A marketplace 64 km (40 mi) SE of Rome. It was a well-known station on the famous Roman highway Via Appia, running from Rome to Brundisium (now called Brindisi) by way of Capua. Both the road and the marketplace draw their name from the founder, Appius Claudius Caecus, of the fourth century B.C.E.
As the usual point at which travelers halted at the close of the first day’s journey out of Rome, this post station became a busy trading center. Adding to its importance was its location at the northern terminus of a canal that ran alongside the road, traversing the Pontine Marshes. Travelers reportedly were conveyed over this canal by night in barges pulled by mules. The Roman poet Horace describes the discomforts of the journey, complaining of the frogs and gnats and depicting the Marketplace of Appius as crammed with “boatmen and stingy tavern-keepers.”—Satires, I, V, 1-6.
It was at this busy junction that the apostle Paul, traveling from Puteoli to Rome as a prisoner, first met the delegation of Christian brothers who, on hearing the news of his coming, had journeyed from Rome to meet him. Part of the delegation waited at Three Taverns (15 km [9.5 mi] closer to Rome) while the rest proceeded as far as the Marketplace of Appius.—Ac 28:15.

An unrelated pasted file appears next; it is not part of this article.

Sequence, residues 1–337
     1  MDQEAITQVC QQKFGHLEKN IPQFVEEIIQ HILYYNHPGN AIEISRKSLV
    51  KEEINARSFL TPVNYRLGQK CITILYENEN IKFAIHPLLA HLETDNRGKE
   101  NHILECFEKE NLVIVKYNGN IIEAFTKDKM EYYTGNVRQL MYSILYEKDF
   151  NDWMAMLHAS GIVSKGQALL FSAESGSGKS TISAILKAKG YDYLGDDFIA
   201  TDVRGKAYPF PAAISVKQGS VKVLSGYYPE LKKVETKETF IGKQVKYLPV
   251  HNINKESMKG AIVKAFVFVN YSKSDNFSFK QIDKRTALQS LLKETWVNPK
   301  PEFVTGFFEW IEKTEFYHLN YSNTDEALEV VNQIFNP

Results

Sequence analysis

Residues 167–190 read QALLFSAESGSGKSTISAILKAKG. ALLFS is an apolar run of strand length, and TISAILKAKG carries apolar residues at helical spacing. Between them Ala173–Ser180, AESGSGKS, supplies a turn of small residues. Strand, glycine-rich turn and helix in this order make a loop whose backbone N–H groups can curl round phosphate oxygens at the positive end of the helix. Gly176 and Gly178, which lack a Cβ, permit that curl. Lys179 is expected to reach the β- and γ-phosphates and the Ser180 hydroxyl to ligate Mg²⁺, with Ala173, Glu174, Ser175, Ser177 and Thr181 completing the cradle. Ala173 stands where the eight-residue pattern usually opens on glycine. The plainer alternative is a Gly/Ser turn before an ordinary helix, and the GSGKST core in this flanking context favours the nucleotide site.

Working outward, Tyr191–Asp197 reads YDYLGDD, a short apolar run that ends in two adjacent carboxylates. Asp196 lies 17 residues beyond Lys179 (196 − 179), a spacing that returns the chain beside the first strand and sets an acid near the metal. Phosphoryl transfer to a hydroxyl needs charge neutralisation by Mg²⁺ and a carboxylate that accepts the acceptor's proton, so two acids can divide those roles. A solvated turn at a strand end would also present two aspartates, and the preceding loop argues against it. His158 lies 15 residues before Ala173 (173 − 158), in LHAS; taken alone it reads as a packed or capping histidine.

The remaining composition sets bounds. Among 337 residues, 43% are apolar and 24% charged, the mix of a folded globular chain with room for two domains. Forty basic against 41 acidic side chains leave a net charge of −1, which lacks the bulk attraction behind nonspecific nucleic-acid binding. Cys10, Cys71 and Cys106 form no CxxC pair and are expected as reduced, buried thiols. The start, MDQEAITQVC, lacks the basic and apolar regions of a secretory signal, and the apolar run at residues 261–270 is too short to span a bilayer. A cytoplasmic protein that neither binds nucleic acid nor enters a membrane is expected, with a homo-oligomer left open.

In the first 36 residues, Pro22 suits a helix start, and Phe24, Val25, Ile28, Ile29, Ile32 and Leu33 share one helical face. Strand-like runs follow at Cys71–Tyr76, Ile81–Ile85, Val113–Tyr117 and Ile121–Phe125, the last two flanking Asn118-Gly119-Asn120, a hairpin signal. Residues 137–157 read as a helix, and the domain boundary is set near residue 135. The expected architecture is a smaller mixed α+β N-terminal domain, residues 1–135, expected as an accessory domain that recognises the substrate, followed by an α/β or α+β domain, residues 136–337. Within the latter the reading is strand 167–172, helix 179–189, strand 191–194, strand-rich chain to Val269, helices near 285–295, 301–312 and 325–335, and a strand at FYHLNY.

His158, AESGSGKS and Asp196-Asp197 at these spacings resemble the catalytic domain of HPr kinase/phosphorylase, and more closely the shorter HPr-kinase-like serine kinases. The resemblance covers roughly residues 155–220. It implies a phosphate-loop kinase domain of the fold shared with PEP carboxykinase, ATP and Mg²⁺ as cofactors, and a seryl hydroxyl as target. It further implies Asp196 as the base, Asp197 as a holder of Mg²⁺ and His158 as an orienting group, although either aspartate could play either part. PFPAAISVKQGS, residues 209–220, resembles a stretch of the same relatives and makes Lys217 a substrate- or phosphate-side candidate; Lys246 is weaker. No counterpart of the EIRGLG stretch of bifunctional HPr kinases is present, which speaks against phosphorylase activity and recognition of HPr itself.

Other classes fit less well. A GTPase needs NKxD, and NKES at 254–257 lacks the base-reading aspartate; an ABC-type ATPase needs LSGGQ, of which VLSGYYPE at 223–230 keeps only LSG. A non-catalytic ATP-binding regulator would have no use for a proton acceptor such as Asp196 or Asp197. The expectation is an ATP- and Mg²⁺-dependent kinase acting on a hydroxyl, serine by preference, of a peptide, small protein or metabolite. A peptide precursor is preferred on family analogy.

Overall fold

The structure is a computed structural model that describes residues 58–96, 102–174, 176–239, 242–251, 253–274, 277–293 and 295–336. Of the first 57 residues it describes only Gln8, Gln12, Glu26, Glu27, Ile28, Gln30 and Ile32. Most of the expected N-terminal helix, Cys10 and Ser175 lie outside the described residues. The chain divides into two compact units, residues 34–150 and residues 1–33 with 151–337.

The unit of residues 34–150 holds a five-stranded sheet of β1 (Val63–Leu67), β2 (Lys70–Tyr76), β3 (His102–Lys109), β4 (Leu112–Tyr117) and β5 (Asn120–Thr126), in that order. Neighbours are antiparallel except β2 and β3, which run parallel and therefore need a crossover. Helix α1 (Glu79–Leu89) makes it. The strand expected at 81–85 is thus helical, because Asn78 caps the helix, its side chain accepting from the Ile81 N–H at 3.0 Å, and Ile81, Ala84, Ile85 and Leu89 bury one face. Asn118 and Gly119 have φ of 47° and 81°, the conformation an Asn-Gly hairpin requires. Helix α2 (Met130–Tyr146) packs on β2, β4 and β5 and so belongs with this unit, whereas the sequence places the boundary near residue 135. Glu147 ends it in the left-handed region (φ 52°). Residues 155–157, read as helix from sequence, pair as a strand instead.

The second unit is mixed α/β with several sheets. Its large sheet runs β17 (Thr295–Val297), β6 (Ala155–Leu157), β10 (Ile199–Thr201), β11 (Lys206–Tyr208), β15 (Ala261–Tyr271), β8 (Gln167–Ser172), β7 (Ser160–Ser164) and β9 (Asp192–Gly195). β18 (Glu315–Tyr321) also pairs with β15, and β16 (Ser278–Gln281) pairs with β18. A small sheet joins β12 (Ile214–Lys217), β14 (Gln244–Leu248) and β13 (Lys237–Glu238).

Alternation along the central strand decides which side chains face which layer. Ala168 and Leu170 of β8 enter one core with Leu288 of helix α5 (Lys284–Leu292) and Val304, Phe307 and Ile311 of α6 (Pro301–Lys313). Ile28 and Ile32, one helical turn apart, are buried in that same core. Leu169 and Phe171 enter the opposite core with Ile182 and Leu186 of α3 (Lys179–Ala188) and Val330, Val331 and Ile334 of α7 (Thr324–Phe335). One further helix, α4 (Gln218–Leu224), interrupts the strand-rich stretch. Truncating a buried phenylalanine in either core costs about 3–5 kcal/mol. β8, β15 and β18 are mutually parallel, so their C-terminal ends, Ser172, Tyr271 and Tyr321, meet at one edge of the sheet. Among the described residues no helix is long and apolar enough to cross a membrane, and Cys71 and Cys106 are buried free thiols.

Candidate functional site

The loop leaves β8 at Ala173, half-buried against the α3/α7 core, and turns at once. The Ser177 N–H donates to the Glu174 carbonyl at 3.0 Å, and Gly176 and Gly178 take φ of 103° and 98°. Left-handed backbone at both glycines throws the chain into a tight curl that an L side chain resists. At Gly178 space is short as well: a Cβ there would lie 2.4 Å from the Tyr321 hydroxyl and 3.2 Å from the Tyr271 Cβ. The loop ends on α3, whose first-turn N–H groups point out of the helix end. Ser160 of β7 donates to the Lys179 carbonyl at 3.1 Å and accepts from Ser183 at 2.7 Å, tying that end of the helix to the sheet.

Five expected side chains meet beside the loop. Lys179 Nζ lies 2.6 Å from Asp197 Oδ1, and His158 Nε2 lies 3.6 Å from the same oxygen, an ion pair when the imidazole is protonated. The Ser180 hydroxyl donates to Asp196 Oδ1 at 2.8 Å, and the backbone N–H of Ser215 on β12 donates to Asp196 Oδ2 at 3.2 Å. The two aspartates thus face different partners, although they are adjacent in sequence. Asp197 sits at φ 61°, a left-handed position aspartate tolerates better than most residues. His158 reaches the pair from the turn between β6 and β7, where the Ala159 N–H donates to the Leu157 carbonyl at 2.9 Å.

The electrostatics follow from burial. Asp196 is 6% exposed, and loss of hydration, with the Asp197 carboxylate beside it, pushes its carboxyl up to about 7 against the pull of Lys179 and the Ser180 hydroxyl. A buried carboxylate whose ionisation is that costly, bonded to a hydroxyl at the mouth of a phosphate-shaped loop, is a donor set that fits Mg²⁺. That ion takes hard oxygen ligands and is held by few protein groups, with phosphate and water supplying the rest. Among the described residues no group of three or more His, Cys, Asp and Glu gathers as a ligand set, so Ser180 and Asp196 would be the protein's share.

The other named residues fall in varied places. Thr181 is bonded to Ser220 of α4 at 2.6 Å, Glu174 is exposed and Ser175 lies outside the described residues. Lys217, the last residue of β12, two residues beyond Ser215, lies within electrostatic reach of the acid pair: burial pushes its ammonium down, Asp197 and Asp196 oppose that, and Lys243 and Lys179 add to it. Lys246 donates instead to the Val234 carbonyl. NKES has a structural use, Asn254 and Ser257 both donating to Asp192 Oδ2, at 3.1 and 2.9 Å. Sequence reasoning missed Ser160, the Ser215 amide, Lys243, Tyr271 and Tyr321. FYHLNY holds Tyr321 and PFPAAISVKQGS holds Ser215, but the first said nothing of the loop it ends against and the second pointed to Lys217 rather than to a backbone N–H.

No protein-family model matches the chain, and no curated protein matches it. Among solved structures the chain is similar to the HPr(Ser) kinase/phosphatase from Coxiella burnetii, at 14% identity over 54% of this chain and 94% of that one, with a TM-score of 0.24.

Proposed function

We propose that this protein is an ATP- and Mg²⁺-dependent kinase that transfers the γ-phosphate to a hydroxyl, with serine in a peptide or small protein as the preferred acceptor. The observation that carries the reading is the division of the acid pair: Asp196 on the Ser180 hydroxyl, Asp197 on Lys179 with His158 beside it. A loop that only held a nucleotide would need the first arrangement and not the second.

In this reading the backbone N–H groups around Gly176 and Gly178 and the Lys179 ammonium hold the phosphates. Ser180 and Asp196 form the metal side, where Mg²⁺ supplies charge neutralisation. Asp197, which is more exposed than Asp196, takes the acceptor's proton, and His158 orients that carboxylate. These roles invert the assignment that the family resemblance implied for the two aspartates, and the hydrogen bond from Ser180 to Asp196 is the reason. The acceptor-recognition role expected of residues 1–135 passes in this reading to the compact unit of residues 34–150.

Today there is a place still known as the Foro Appio, or Appian Forum, on the Appian Way. A signpost indicates the area where the Marketplace of Appius once stood. There is a small rural town called Faiti across the Appian Way.
[Map on page 130]
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Marketplace of Appius